Largest US Prison Ministry Announces Charles Colson Hope Awards Recipients on 40th Anniversary

Honorees Include Sitting U.S. Senator, Legendary Prison Warden, Founder of Angel Tree, Former Prisoner-Turned-Prison Chaplain and Longtime Ministry Supporters 

Prison Fellowship, the nation’s largest outreach to prisoners, former prisoners and their families, announced today by video the inaugural recipients of the Charles Colson Hope Awards, which will annually recognize people who have faithfully and courageously worked to restore those affected by crime and incarceration. Colson, the late former special counsel to President Richard Nixon whose crimes related to the Watergate scandal resulted in a prison sentence, became a Christian shortly before serving his sentence and went on to found Prison Fellowship 40 years ago today.

“I am privileged to find myself leading the organization that Chuck Colson founded 40 years ago today. Chuck was at ease equally with presidents and prisoners, and had a unique talent to engage wardens and pastors, lay people and legislators,” said James Ackerman, the new president and chief executive officer of Prison Fellowship. “No matter the audience or the occasion, he remained a passionate advocate for incarcerated people and their families, and today we’re pleased to announce the first recipients of these awards that bear his name.”

“Our extended family is delighted that Prison Fellowship is honoring these faithful people for continuing my father’s legacy of bringing hope and restoration to those affected by crime and incarceration,” said Christian Colson, son of Charles Colson and a Prison Fellowship board member. “Their fruitful lives are a reminder that our father’s impact on prison ministry, prison culture and justice reform has been broad and lasting.”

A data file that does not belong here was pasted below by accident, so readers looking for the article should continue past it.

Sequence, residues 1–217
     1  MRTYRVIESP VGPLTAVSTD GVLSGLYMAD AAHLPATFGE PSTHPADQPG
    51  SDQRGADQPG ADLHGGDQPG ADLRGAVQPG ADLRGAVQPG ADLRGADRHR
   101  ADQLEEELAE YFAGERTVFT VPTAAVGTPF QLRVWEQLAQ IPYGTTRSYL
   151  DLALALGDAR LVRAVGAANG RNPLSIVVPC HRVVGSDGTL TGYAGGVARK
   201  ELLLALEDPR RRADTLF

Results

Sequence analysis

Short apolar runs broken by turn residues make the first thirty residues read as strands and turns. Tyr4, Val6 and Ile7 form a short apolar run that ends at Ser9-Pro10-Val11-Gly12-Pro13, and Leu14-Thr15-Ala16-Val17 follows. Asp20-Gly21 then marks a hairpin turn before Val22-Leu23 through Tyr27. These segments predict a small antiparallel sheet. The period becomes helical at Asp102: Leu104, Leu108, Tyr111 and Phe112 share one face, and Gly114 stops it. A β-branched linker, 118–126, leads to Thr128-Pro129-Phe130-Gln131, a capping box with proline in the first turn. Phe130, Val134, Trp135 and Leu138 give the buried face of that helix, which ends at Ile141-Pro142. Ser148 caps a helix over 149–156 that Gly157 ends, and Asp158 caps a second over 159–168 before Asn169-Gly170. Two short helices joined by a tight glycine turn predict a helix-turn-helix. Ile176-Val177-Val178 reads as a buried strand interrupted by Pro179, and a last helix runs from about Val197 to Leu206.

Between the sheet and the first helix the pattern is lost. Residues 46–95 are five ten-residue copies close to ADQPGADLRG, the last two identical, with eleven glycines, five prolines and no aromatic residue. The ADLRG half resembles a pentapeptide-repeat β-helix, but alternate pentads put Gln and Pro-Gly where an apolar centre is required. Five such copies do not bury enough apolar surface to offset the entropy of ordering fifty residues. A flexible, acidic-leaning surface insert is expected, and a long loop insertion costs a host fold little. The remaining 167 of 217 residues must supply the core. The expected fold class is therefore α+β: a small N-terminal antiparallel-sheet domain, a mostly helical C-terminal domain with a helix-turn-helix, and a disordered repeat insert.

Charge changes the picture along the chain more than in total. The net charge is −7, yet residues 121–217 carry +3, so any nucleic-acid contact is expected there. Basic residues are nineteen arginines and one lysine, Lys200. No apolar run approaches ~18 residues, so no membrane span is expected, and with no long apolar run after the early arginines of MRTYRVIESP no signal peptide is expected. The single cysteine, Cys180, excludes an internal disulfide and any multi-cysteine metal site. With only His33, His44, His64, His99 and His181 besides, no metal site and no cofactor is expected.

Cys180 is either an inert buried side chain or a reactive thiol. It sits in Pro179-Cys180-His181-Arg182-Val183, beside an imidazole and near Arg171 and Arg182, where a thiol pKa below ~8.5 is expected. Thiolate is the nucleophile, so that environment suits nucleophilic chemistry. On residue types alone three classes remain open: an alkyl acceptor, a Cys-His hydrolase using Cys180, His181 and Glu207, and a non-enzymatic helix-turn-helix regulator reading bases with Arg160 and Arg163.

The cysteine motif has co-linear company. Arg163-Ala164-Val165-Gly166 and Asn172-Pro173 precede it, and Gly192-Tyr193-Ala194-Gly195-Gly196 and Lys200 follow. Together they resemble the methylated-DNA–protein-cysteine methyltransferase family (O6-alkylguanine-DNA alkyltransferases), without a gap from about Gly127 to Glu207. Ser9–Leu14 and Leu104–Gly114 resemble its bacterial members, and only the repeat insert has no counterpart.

The 2016 recipients of the Charles Colson Hope Awards, people who demonstrate characteristics for which Colson was admired, are:

  • Sen. John Cornyn, recipient of the Advocate of Hope award, which honors a person with a record of faithful and winsome advocacy for restorative criminal justice reform

    Cornyn is recognized for his leadership, blazing a trail toward a future criminal justice system that upholds the restorative principles of proportional punishment, constructive prison culture, second chances and safer communities. From his earlier work as a judge to his accomplishments as attorney general of Texas, Cornyn has remained a diligent, compassionate advocate for justice. Now in the U.S. Senate, he sponsored the CORRECTIONS Act, which became Title II of the Sentencing Reform and Corrections Act and passed out of the Senate Judiciary Committee with bipartisan support in 2015. Cornyn, who was nominated for this award by the Texas Public Policy Foundation, continues to push for the legislation to come to the Senate floor for a vote.
  • Burl Cain, recipient of the Servant of Hope award, which honors a person who has brought the message of hope, redemption and restoration into correctional environments

    The legendary former warden of Louisiana’s Angola State Penitentiary, Cain’s 30 years of leadership helped transform the prison from one of the bloodiest and most notorious in the country to an enduring culture of dignity and mutual respect. Cain is often tapped to share his philosophy of constructive prison culture, and he has consistently promoted the idea that faith changes lives, even in prison—especially in prison. Reginald Wilkinson, a past president of both the American Correctional Association and the Association of State Correctional Administrators, nominated Cain because of the servant leadership he demonstrated in making renewal and second chances possible behind prison walls.